The backcourt is where the questions begin, however. Aside from Baker, the Wizards will rely on Anthony Goods, Shy Ely and Travis Walton -- three players that have definitive strengths and weaknesses that could be exploited this season. They should be able to fill their roles, but it'll be important for them to do just that.

2. Maine Red Claws

The Red Claws will have a brand new coaching staff this season after bringing former Virginia Cavaliers head coach Dave Leitao aboard to replace the promoted Austin Ainge while hiring Donyell Marshall as an assistant. The team will also boast quite a few new faces on the roster, meaning chemistry could be an issue in the early-goings of the season. Maine isn't short on talent, however, and that's ultimately what wins ball games in the D-League.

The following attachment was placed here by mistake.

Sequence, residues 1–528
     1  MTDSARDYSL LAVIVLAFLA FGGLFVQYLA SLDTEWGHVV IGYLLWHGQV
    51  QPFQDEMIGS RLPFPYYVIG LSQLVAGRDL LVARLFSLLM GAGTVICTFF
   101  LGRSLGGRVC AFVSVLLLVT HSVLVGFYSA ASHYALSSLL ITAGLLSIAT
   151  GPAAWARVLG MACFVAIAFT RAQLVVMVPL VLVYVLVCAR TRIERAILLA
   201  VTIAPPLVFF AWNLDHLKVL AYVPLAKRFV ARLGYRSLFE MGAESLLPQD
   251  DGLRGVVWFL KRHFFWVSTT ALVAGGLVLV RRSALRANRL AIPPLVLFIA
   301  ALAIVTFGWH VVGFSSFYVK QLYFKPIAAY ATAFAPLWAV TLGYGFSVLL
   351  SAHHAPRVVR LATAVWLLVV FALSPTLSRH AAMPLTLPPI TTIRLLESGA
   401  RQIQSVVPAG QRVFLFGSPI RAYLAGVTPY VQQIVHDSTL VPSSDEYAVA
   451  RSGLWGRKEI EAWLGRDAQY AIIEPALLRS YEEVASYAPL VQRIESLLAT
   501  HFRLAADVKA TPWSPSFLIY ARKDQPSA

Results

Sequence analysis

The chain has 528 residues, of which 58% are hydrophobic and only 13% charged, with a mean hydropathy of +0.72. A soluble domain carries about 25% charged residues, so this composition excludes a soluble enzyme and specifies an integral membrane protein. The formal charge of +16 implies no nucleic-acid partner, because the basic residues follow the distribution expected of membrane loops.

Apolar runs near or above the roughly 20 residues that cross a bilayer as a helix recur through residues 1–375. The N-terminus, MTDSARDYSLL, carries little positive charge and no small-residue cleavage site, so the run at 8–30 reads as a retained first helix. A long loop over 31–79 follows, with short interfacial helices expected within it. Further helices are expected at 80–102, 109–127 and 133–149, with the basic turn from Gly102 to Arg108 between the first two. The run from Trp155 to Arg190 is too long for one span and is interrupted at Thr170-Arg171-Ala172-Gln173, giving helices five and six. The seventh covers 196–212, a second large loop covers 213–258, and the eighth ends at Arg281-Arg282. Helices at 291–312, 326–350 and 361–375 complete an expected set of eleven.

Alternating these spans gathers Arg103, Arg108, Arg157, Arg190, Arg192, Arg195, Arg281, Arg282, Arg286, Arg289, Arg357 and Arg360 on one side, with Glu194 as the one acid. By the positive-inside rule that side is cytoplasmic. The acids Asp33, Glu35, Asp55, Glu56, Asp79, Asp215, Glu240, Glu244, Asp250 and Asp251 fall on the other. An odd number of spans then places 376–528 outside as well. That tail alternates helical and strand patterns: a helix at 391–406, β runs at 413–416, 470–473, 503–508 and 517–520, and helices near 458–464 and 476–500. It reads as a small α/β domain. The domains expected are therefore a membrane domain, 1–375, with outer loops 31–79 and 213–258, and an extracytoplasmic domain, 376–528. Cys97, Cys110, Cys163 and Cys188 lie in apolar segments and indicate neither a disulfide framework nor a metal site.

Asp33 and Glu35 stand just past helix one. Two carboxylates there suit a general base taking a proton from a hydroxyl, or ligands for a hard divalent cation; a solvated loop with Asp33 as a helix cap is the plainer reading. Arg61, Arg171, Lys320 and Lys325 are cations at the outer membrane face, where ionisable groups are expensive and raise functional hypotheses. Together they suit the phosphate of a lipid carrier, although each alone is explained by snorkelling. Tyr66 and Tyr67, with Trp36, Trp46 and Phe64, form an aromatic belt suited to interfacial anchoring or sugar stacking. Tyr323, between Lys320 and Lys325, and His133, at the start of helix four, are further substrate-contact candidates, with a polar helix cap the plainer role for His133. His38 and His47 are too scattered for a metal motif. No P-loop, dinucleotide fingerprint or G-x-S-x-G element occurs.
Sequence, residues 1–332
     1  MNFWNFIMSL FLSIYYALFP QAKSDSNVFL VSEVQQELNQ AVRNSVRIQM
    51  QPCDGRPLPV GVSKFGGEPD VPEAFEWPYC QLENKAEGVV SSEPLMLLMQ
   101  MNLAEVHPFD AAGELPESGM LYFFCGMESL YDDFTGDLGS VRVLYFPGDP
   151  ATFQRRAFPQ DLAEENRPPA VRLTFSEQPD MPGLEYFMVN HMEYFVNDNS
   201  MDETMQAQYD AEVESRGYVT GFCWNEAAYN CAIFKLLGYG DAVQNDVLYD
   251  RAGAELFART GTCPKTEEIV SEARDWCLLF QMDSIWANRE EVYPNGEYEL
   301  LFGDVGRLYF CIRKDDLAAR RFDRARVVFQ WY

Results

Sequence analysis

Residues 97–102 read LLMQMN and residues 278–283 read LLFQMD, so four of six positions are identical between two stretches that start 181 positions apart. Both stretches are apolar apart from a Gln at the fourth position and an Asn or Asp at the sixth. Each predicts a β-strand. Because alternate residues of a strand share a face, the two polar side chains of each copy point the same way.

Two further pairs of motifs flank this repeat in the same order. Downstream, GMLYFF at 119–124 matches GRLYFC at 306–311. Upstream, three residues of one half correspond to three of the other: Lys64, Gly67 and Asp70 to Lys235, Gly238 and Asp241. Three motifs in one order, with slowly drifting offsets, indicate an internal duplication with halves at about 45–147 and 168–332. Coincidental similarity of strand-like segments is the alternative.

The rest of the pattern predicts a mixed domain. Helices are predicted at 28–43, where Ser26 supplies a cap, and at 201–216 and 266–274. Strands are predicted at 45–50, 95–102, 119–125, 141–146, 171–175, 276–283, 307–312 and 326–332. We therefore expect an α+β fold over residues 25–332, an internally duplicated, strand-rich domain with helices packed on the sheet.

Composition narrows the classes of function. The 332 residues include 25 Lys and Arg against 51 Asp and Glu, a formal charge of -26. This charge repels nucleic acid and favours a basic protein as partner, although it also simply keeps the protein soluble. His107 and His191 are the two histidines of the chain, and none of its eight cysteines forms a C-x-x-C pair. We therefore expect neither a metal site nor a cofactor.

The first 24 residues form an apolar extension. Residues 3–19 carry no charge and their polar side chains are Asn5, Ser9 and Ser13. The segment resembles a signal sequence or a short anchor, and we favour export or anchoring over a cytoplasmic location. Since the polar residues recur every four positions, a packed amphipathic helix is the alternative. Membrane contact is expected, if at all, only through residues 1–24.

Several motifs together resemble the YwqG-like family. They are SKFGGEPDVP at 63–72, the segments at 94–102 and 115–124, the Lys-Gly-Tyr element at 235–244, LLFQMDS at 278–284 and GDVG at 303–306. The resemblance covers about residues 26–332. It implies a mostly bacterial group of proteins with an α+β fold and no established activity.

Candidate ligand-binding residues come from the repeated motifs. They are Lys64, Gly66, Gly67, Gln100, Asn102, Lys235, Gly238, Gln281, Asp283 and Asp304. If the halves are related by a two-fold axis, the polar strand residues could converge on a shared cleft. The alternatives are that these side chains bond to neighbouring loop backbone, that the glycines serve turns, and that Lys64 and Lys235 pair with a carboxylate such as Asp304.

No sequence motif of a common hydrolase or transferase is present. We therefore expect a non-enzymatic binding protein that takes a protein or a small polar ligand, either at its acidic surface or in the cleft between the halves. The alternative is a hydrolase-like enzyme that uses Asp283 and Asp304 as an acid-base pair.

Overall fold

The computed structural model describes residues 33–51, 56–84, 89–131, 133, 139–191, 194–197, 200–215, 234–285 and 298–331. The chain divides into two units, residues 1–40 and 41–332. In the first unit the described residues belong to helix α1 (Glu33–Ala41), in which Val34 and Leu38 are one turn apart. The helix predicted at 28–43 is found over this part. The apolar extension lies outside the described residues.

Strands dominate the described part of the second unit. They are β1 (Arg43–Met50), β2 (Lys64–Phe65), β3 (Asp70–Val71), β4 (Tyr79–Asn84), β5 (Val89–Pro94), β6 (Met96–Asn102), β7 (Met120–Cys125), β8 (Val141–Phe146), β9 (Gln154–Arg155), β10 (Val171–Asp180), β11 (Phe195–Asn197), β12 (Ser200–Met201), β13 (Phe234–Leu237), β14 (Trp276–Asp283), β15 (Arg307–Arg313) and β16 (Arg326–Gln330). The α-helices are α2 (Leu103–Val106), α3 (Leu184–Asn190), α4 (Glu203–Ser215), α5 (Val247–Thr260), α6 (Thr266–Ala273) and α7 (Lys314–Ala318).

The Red Claws added NBA Draft prospects Chris Wright, Durrell Summers and Mike Tisdale via the draft, ensuring quite a bit of young talent will play key roles this season. Those three will complement Paul Harris in the starting lineup, but the point guard position might be key for Maine this season.

General Manager Jon Jennings was wisely able to sneak former Virginia point guard J.R. Reynolds in through local tryouts to pair with D-League veterans Darren Cooper and Kenny Hayes in the backcourt. Reynolds averaged 18.4 points under Leitao while earning All-ACC Second Team honors at Virginia in 2007 and has spent the past few seasons playing in Italy and France.

3. Fort Wayne Mad Ants